Question Regarding A Pipe That Burned Out.

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bluegrasspipe

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Jan 13, 2017
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My friend Jim told me a story recently about a bulldog pipe that he owned years ago, (he didn’t have a manufacturer name that I can recall). Although he really enjoyed the pipe, eventually he offered it to his friend as a gift after much adoration. He explained that his friend really loved smoking this pipe for a number of years until one day when he suddenly gave it back to him. It’s my understanding the pipe appeared to be very used and upon further inspection he realized there was a hole burned right through the bottom.

My reaction was that he didn’t take very good care of it and Jim responded quickly that wasn’t the case, “he just really loved it and smoked it to death”. We debated this for awhile, I said when a pipe is too hot to touch to your cheek it’s time to set it down and reach for another pipe. He responded that some of the burning tobacco makes contact with the wood and burn out is inevitable.

I am guessing that a heavy cake built up and eventually lit while smoking too hot and burned a hole right through the pipe.

Thoughts? Has anyone “codger” smoked a pipe until they burned right through it?

 

saltedplug

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Aug 20, 2013
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According to an important American pipe maker, there's no predicting a burnout. He said he smokes pipes with big flaws in the chamber that don't burnout; on the other hand those that seem fine do. Greg Pease wrote an article on that most-despised and inexplicable practice, bowl coating, and in it he said that he had polled pipe makers who reported overall a very low percentage off uncoated pipes burnout. The Italians don't as a rule bowl coat. Have you ever heard of Italian pipes burning out more than those that are coated? You won't because they don't.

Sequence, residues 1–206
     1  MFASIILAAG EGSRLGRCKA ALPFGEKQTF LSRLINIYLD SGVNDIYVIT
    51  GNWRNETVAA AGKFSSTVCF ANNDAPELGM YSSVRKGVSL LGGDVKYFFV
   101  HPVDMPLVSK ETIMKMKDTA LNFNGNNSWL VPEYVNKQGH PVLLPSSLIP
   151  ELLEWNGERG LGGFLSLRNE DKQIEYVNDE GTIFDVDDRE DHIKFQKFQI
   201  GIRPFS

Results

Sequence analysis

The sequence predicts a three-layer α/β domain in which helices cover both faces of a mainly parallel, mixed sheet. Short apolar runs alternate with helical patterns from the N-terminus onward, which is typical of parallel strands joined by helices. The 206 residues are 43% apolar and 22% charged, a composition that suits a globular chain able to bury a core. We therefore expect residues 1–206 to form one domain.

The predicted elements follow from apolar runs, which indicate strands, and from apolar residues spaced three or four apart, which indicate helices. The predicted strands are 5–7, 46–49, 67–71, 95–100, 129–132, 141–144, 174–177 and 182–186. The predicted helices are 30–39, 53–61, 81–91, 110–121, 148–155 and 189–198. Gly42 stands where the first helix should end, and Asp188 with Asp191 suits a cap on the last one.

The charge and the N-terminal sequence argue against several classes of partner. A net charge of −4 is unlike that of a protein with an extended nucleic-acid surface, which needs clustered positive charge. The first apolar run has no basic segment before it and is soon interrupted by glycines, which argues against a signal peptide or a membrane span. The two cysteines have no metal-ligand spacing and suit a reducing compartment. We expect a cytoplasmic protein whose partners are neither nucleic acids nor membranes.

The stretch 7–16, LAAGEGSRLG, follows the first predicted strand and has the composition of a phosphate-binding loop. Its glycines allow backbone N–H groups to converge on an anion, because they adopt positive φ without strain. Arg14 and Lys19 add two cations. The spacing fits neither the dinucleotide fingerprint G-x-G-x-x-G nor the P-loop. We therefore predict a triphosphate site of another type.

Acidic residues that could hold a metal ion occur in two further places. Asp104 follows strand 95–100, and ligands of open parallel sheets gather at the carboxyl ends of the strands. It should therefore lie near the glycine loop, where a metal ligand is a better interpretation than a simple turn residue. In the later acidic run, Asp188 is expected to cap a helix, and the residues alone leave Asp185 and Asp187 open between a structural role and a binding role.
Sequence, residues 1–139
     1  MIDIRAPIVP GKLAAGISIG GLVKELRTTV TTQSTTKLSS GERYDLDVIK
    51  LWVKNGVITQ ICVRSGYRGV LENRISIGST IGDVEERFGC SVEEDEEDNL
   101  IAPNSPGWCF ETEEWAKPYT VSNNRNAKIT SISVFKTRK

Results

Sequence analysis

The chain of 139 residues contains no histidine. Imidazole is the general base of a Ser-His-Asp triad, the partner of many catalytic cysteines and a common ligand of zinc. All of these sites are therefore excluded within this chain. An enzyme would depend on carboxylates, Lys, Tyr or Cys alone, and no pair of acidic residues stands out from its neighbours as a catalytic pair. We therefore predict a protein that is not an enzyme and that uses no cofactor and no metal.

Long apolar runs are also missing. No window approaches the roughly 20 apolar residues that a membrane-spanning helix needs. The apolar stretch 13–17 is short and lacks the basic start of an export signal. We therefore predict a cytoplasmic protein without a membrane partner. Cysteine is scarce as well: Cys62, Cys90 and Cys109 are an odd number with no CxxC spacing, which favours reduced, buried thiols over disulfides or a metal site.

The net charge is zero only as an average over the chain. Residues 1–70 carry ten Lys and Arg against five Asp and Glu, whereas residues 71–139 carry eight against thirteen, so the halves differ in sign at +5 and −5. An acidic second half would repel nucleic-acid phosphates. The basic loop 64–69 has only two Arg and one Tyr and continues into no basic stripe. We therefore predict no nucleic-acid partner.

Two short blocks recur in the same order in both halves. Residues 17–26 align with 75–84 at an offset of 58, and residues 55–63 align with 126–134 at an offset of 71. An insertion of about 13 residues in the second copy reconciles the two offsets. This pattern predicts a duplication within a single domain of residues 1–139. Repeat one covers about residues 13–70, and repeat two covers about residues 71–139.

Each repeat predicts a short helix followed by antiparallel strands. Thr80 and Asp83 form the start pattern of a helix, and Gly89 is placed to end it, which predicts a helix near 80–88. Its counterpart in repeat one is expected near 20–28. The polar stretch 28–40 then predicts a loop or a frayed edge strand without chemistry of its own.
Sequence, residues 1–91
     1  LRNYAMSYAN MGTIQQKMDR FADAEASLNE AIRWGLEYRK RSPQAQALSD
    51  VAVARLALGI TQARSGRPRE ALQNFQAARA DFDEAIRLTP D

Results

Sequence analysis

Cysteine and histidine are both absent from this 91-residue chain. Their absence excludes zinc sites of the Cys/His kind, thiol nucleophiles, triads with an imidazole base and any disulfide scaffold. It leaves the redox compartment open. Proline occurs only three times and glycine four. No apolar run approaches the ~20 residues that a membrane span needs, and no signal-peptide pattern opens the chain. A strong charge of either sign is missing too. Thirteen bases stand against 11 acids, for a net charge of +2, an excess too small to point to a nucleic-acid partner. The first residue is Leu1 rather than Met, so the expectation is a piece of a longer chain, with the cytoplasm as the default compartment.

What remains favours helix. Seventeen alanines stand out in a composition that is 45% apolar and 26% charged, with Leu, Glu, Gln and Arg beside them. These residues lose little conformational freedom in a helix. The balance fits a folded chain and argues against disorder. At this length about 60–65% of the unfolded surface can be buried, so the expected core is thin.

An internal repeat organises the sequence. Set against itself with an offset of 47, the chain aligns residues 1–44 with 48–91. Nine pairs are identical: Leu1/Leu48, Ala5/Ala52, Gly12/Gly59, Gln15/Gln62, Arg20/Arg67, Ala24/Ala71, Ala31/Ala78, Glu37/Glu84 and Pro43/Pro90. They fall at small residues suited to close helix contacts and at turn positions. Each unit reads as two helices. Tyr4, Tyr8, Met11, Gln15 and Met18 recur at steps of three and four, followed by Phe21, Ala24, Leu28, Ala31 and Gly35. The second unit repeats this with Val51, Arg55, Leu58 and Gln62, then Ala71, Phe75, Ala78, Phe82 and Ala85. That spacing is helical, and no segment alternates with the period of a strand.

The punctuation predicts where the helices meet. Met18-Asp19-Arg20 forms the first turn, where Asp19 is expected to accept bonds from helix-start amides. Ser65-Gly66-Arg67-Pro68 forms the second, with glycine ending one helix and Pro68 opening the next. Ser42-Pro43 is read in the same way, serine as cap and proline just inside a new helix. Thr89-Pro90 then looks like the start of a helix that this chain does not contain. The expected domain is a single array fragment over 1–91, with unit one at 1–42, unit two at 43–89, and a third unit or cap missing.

Makers are devoted to the practice despite those who decry it.
The war continues. . .

 

hoosierpipeguy

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Jan 28, 2018
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The incidence rate of burn out is so low, I don't think there is any significant statistical data to judge coated vs uncoated. I seriously doubt coating the bowl has anything at all to do with it. It could be that carvers that coat the bowls happen to use briar that has more internal flaws in it. Who knows.

 

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chasingembers

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Nov 12, 2014
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I've smoked the heck out of even my oldest pieces for decades and have never had a burn out. Sounds like a flawed piece of briar.

 

sasquatch

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Jul 16, 2012
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Burnout is user error. I suppose there's a piece of bad briar somewhere... just a punky piece of junk that is really going to be prone to burning out somehow (how?) but basically, I'd guess that 90% or more of burnouts are user error.
I don't coat the bowl on 99% of the pipes I sell. I think I've seen two back in the shop. In one case I'm utterly convinced the guy was trying to light tobacco that had already burnt and he simply didn't realize it. Which is to say, the pipe smoked really well. The other was a guy who reamed through the bottom of a bent billiard, literally cutting through 1/4" of briar to do so.